Chapter 10. Network File Systems and Directory Services

IN THIS CHAPTER

  • Sharing files using NFS and CIFS

  • The NFS automounter

  • The name service switch

  • Setting up NIS clients

  • Setting up NIS master and slave servers

  • LDAP and OpenSolaris

The motivation for creating computer networks is to share information. In Chapter 9, you learned how to use the basic Internet protocols to transfer information between systems using programs such as ftp. However, copying files from system to system creates the problem of efficiently distributing copies and keeping them consistent. File synchronization programs exist, but it's usually more convenient to store files centrally and access them just like a file that's stored on a local disk, a concept known as a network file system. Sun long ago created the Network File System (NFS) to provide exactly this service. Microsoft created the Common Internet File System (CIFS) to provide similar functionality for the Windows operating system. OpenSolaris includes both client and server software for both NFS and CIFS.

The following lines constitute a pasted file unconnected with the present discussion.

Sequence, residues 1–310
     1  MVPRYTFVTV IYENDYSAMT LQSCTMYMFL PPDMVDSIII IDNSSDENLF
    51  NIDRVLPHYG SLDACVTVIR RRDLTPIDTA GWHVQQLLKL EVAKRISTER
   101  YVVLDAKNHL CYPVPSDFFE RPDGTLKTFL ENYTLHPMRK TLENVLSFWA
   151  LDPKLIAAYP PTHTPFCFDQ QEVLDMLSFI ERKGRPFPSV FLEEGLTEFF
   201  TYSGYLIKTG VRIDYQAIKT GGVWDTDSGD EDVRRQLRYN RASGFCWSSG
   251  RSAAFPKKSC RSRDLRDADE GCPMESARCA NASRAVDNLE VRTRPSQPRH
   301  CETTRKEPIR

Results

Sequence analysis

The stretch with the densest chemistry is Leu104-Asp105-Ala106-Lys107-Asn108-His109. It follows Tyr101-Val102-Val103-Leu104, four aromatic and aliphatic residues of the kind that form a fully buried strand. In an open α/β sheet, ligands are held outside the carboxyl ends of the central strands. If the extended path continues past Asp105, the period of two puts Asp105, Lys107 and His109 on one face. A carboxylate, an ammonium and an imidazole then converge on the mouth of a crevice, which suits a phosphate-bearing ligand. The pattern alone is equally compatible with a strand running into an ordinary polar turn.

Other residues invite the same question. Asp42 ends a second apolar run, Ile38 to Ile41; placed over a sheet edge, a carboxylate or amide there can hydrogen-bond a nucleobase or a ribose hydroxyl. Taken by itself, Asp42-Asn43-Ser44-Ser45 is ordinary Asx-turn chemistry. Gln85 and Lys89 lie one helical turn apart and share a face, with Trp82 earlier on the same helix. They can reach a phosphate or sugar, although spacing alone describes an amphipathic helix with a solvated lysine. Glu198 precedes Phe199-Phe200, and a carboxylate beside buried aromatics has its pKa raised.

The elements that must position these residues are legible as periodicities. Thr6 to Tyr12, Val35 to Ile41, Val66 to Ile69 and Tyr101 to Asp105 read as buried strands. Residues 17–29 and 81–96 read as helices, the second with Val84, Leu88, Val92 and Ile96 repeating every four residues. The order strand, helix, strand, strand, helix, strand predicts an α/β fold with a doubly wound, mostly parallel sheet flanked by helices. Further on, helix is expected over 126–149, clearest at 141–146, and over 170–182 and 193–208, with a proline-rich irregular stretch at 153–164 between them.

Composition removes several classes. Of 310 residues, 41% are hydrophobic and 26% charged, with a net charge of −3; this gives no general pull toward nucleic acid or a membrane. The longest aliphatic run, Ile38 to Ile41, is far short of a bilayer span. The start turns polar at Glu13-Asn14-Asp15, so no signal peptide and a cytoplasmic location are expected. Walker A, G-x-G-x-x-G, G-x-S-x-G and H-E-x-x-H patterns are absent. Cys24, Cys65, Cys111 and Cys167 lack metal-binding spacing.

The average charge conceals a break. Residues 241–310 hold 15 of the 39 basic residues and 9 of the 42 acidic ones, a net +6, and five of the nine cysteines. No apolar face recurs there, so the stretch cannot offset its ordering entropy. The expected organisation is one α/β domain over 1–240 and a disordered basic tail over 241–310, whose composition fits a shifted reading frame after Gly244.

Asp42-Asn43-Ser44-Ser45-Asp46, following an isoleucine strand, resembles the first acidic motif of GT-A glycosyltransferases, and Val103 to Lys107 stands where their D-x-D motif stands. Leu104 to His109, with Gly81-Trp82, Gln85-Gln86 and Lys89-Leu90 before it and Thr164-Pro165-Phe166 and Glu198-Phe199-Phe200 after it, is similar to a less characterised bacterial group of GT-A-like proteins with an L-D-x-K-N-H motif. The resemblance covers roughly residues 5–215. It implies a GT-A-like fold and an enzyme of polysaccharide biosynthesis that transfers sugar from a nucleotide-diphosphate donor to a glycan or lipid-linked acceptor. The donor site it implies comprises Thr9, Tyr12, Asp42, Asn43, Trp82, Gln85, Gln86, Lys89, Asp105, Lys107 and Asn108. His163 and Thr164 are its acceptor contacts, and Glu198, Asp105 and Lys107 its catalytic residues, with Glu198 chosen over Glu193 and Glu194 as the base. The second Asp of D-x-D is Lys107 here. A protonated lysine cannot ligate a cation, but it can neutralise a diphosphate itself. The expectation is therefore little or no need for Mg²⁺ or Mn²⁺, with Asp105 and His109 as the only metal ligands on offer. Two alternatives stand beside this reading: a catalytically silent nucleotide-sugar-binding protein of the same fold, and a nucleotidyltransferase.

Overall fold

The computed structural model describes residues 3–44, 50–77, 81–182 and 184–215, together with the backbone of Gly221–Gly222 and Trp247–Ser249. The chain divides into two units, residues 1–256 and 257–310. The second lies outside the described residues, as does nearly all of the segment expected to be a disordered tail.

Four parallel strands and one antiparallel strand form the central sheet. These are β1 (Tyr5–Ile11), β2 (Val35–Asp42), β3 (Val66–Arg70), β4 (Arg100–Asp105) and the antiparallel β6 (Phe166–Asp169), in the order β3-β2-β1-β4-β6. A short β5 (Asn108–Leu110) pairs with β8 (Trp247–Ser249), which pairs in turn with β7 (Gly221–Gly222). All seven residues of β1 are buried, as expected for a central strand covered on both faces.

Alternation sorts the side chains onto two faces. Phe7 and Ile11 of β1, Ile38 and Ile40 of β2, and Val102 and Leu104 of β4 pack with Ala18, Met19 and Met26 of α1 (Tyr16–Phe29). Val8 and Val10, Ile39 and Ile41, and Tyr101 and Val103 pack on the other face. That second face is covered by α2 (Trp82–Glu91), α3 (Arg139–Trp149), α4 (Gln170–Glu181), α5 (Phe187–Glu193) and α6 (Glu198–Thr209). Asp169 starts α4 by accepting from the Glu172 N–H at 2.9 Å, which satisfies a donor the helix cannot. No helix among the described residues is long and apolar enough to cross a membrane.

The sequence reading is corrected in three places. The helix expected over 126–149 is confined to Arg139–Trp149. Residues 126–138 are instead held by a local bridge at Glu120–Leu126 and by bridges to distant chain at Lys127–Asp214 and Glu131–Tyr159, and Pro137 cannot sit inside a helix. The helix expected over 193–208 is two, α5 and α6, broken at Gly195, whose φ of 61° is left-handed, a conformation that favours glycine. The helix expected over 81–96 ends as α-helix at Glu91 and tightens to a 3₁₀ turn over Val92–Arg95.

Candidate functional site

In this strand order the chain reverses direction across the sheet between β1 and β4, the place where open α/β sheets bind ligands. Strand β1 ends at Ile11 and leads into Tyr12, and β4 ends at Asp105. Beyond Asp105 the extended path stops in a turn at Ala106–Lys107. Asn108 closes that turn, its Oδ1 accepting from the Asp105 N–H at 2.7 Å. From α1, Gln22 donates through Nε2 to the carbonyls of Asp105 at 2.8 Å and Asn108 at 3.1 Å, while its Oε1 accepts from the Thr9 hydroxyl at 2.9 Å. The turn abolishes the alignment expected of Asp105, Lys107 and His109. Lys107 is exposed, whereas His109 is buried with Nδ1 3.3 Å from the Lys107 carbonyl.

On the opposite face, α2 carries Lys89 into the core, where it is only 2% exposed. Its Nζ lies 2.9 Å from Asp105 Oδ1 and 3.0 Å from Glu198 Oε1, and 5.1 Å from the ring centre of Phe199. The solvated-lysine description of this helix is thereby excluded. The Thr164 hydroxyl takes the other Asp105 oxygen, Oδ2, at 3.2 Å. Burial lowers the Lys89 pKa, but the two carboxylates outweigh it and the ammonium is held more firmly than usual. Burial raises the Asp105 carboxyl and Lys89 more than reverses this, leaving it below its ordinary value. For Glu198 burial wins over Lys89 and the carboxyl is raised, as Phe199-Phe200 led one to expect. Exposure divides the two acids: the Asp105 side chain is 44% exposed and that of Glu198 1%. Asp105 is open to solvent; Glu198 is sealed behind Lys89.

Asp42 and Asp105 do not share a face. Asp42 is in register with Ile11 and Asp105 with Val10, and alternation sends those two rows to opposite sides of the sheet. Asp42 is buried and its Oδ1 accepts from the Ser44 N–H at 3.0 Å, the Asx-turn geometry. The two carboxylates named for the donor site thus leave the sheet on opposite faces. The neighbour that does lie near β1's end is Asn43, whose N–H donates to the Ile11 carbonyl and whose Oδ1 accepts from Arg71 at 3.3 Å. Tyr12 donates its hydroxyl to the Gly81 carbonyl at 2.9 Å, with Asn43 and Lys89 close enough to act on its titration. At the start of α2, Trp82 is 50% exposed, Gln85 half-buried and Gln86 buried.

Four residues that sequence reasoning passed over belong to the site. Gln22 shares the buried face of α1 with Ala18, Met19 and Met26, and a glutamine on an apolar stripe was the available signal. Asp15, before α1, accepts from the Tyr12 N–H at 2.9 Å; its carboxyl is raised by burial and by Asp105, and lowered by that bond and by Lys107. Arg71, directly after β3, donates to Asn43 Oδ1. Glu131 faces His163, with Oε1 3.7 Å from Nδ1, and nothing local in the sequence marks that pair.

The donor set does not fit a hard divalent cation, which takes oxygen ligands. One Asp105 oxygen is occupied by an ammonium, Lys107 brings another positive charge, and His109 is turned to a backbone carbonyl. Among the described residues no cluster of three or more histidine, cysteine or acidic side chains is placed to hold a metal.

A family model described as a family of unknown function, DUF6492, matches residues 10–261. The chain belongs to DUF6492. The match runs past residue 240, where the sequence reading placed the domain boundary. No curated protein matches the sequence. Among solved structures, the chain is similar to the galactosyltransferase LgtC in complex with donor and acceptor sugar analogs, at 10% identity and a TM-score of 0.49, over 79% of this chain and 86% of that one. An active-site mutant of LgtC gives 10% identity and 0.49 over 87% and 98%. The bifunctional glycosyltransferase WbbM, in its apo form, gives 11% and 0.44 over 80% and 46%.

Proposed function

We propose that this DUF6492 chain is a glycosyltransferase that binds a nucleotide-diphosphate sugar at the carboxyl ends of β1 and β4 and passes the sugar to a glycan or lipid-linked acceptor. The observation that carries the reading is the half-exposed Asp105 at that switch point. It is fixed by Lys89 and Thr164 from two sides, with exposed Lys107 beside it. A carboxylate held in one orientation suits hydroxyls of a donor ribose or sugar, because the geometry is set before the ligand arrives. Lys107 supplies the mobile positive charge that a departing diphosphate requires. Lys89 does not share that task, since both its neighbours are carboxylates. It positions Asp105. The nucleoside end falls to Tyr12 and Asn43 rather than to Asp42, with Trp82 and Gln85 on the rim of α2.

In most networks of any size it's also desirable to share and synchronize system configuration data, such as user accounts, among systems. Again, it's possible to use synchronization software to distribute files such as /etc/passwd among a set of systems, but such a solution doesn't scale well. It's also possible to use a network file system for this purpose, but most uses of such configuration data involve searching for only a specific entry. Clearly, in ...

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